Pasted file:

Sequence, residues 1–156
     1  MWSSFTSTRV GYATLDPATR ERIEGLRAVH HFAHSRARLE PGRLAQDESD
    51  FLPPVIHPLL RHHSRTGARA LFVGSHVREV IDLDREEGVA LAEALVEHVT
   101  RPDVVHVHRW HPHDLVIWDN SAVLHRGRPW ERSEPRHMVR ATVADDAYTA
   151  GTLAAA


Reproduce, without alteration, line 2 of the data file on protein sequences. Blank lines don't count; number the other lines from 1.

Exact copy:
     1  MWSSFTSTRV GYATLDPATR ERIEGLRAVH HFAHSRARLE PGRLAQDESD